Development of Cyclooxygenases in the Treatment of Pain, Fever and Inflammation.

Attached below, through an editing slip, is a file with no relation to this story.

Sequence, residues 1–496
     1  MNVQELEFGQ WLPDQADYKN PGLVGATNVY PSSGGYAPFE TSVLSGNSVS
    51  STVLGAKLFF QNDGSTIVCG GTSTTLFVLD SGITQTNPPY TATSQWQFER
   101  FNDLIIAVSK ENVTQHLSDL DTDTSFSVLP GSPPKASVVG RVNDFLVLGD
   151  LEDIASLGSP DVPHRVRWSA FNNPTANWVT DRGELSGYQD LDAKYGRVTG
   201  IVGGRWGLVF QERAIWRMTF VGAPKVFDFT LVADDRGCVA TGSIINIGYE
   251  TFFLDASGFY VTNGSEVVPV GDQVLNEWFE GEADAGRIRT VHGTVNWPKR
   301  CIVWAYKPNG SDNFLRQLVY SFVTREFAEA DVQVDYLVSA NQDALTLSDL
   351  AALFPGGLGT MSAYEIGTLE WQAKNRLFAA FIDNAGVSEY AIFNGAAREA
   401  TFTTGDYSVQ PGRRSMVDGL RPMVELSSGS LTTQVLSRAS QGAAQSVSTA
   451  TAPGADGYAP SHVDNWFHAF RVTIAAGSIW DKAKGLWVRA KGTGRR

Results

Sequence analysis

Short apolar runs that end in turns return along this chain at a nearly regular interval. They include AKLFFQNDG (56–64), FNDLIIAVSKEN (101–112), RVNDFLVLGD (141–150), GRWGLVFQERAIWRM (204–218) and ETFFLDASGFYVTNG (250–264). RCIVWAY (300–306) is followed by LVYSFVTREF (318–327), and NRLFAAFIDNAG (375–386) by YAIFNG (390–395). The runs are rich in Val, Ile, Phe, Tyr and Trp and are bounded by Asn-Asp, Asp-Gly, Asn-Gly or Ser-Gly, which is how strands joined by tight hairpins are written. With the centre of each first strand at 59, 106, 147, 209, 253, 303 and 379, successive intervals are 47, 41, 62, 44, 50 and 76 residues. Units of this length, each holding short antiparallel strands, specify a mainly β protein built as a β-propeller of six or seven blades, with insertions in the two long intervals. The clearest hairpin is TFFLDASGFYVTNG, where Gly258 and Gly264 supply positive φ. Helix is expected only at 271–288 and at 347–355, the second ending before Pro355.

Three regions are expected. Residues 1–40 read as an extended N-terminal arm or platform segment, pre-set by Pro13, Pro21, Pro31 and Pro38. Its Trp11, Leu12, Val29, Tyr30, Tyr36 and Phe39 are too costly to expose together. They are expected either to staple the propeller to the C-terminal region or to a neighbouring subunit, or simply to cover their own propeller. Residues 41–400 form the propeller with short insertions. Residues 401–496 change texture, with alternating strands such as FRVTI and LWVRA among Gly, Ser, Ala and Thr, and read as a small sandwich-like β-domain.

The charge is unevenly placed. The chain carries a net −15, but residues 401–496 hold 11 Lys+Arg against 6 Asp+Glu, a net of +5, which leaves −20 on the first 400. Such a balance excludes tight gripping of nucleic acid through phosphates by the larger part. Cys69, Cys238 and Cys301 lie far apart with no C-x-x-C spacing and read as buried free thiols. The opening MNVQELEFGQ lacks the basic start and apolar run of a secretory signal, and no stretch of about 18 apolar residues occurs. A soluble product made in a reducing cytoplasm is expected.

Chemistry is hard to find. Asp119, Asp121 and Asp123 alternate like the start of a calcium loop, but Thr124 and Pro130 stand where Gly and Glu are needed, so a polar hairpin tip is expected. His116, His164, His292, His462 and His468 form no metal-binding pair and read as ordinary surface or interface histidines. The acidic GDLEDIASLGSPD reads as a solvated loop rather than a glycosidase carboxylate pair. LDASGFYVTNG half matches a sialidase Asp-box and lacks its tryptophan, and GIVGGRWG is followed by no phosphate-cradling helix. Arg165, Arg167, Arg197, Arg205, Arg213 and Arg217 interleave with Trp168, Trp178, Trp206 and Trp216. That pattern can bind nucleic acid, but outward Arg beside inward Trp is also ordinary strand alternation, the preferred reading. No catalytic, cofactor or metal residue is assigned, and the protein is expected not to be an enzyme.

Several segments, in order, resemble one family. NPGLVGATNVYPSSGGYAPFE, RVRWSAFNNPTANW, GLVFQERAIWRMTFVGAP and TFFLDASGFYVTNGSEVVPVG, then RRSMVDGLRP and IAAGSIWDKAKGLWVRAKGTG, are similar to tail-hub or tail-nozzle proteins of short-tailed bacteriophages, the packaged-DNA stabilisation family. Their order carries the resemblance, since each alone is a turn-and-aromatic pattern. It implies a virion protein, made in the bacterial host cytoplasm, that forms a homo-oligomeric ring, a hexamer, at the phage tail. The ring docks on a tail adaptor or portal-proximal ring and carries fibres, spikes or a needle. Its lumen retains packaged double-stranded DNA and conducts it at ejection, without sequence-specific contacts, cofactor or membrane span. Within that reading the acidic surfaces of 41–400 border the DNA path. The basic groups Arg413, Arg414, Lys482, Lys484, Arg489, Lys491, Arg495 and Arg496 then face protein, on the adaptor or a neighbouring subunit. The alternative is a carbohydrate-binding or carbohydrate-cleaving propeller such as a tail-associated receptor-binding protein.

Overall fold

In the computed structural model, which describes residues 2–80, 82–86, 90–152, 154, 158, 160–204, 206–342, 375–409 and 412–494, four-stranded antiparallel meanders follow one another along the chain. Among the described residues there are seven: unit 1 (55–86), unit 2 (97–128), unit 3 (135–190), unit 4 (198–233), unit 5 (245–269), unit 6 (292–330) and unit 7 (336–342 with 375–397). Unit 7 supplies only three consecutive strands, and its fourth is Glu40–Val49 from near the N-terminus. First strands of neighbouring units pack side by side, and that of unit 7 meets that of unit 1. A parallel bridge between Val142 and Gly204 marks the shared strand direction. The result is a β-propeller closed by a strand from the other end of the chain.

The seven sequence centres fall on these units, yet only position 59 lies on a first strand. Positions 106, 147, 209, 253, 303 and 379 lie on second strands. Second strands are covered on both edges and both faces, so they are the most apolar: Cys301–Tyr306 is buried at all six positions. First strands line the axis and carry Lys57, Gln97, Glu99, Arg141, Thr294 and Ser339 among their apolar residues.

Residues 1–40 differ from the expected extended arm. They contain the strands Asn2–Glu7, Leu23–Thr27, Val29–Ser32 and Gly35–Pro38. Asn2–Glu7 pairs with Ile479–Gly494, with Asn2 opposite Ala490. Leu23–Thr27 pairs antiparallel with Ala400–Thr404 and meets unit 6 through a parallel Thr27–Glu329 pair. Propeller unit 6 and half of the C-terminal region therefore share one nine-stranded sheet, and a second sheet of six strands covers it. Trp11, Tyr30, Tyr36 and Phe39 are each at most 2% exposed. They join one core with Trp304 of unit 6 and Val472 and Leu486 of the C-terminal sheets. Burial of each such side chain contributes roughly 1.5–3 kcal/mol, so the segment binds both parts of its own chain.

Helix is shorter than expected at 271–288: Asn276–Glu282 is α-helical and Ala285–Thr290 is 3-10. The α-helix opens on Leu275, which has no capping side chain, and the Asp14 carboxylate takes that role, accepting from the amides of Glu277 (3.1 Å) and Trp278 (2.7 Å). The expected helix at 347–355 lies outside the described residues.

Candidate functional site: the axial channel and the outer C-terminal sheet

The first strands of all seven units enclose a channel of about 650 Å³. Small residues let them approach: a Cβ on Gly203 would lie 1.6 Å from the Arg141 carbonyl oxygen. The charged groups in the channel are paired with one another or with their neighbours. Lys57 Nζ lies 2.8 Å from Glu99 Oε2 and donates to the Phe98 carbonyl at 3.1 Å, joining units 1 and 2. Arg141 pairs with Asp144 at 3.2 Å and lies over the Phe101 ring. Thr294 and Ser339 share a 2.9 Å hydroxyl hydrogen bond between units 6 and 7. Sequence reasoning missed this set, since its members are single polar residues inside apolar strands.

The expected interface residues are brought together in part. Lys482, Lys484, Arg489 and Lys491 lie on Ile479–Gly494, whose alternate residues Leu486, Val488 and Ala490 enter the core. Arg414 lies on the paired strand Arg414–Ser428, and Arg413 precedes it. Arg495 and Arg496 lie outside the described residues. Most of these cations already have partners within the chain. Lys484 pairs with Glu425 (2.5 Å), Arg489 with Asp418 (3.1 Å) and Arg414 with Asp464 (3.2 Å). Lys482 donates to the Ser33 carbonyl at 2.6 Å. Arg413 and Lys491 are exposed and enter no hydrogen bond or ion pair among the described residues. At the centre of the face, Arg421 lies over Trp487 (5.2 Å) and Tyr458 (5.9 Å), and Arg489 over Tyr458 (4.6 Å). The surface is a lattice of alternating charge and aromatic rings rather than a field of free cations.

Cyclooxygenases (COXs) are enzymes that take part in a complex biosynthetic cascade that results in the conversion of polyunsaturated fatty acids (PUFAs) to prostaglandins (PGs) and thromboxanes (TXs). Their main role is to catalyze the transformation of AA into the intermediate PG-H2, which is the procursor of a variety of prostanoids (PTS) with diverse and potent biological actions. COXs have two main isoforms that are called COX-1 and COX-2 (as well as a COX-3). COX-1 is responsible for the synthesis of PG and TX in many types of cells, including the gastro-intestinal tract (GIT) and blood platelets. COX-2 plays a major role in PG biosynthesis in inflammatory cells and in the CNS. PG synthesis in these sites is a key factor in the development of inflammation and hyperalgesia. COX-2 inhibitors have analgesic and anti-inflammatory activity by blocking the transformation of AA into PG-H2 selectively. The impetus for development of selective COX-2 inhibitors was the adverse GIT side-effects of NSAIDs. Soon after the discovery of the mechanism of action of NSAIDs, strong indications emerged for alternative forms of COX. COX enzyme proved to be difficult to purify. The COX-2 enzyme was cloned.